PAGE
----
The brain in time: insights from neuromagnetic recordings

Authors

  • Riitta Hari,

    1. Brain Research Unit, Low Temperature Laboratory, Aalto University School of Science and Technology, AALTO, Espoo, Finland
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  • Lauri Parkkonen,

    Corresponding author
    1. Brain Research Unit, Low Temperature Laboratory, Aalto University School of Science and Technology, AALTO, Espoo, Finland
      Current address: INSERM-CEA Cognitive Neuroimaging Unit, NeuroSpin Center, Bât 145, 91191 Gif-sur-Yvette, France.
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  • Cathy Nangini

    1. Brain Research Unit, Low Temperature Laboratory, Aalto University School of Science and Technology, AALTO, Espoo, Finland
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Current address: INSERM-CEA Cognitive Neuroimaging Unit, NeuroSpin Center, Bât 145, 91191 Gif-sur-Yvette, France.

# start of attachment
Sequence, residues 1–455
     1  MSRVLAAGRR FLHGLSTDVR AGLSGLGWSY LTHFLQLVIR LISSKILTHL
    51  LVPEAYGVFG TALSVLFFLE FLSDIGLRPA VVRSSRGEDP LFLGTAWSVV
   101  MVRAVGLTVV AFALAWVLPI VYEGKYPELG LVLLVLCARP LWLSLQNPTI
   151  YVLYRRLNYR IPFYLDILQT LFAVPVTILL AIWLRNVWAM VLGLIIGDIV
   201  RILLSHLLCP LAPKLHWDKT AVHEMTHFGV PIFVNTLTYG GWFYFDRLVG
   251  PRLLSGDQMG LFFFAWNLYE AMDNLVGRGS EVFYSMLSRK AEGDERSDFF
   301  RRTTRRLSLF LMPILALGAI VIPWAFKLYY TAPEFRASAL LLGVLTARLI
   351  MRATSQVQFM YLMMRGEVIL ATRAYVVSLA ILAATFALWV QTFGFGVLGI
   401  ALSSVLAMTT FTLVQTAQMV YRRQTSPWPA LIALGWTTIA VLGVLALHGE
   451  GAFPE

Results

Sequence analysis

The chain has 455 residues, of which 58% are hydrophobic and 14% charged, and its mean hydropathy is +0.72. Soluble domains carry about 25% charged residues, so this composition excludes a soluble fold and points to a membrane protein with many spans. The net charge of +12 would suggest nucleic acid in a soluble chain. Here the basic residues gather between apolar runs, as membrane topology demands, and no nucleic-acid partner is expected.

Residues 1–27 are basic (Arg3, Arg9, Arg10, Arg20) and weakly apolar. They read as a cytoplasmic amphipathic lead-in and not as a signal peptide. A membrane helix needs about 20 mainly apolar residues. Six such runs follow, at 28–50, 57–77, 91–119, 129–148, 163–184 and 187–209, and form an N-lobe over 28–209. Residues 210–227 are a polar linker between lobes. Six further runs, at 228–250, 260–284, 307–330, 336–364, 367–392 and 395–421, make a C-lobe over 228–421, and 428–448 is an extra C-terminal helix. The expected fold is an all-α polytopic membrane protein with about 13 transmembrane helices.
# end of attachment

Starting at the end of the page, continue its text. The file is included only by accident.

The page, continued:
Address for correspondence: Prof. Riitta Hari, Brain Research Unit, Low Temperature Laboratory, Aalto University School of Science and Technology, P.O. Box 15100, FI-00076 AALTO, Espoo, Finland. hari@neuro.hut.fi

Abstract

The millisecond time resolution of magnetoencephalography (MEG) is instrumental for investigating the brain basis of sensory processing, motor planning, cognition, and social interaction. We review the basic principles, recent progress, and future potential of MEG in noninvasive tracking of human brain activity. Cortical activation sequences from tens to hundreds of milliseconds can be followed during, e.g., perception, motor action, imitation, and language processing by recording both spontaneous and evoked brain signals. Moreover, tagging of sensory input can be used to reveal neuronal mechanisms of binaural interaction and perception of ambiguous images. The results support the emerging ideas of multiple, hierarchically organized temporal scales in human brain function. Instrumentation and data analysis methods are rapidly progressing, enabling attempts to decode the four-dimensional spatiotemporal signal patterns to reveal correlates of behavior and mental contents.

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